In the upcoming issue of Fortune, Warren Buffett criticizes the Treasury's (and some investors') recent emphasis on banks' tangible common equity [TCE] to assets ratio as a criterion for judging their financial stability. He does so in response to interviewer Adam Lashinsky's question about Wells Fargo's TCE (Buffett's Berkshire Hathaway has invested in Wells Fargo's common stock).
Mr. Buffett states that tangible common equity is not usually an important factor in evaluating a company's ability to prosper, and he cites Coca-Cola (a long-term holding of Berkshire Hathaway) as one company that is highly successful, despite having no tangible common equity. However, Coca-Cola's year-end balance sheet does, in fact, show positive tangible common equity of over $8 billion ($20.862 Shareholders' Equity, minus $4.029 billion Goodwill, minus $6.059 billion trademarks, minus $2.417 billion Other Intangible Assets .....equals a total of $8.367 billion Tangible Assets, all of which is Tangible Common Equity).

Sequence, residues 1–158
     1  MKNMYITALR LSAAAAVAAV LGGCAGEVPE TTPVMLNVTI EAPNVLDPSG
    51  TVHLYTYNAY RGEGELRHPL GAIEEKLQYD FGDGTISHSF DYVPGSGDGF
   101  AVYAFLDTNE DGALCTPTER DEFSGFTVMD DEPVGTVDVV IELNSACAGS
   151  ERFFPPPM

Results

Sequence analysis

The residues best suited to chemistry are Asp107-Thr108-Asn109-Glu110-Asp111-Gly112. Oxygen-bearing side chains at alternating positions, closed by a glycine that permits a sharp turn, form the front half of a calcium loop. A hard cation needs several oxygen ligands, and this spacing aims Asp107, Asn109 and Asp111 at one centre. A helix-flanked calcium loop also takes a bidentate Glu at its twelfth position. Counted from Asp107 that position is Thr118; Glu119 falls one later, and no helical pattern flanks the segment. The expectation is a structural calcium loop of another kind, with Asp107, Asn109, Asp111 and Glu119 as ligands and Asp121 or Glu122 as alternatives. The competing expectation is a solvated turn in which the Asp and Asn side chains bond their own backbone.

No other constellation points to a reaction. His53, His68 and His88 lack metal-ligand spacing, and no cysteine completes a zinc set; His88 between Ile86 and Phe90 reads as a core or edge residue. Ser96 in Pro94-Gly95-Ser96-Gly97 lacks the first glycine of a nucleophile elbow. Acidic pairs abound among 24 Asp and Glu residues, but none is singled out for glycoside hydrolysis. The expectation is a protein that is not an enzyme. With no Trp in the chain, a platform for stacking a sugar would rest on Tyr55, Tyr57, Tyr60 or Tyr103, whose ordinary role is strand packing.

Mr. Buffet makes some very good points in this article, but citing Coca-Cola as an example of financial stability in the absence of substantial tangible common equity is not one of them.
Disclosure: I hold shares of Berkshire Hathaway (BRK.B) in a family account which I manage. I manage no holdings of Coca-Cola.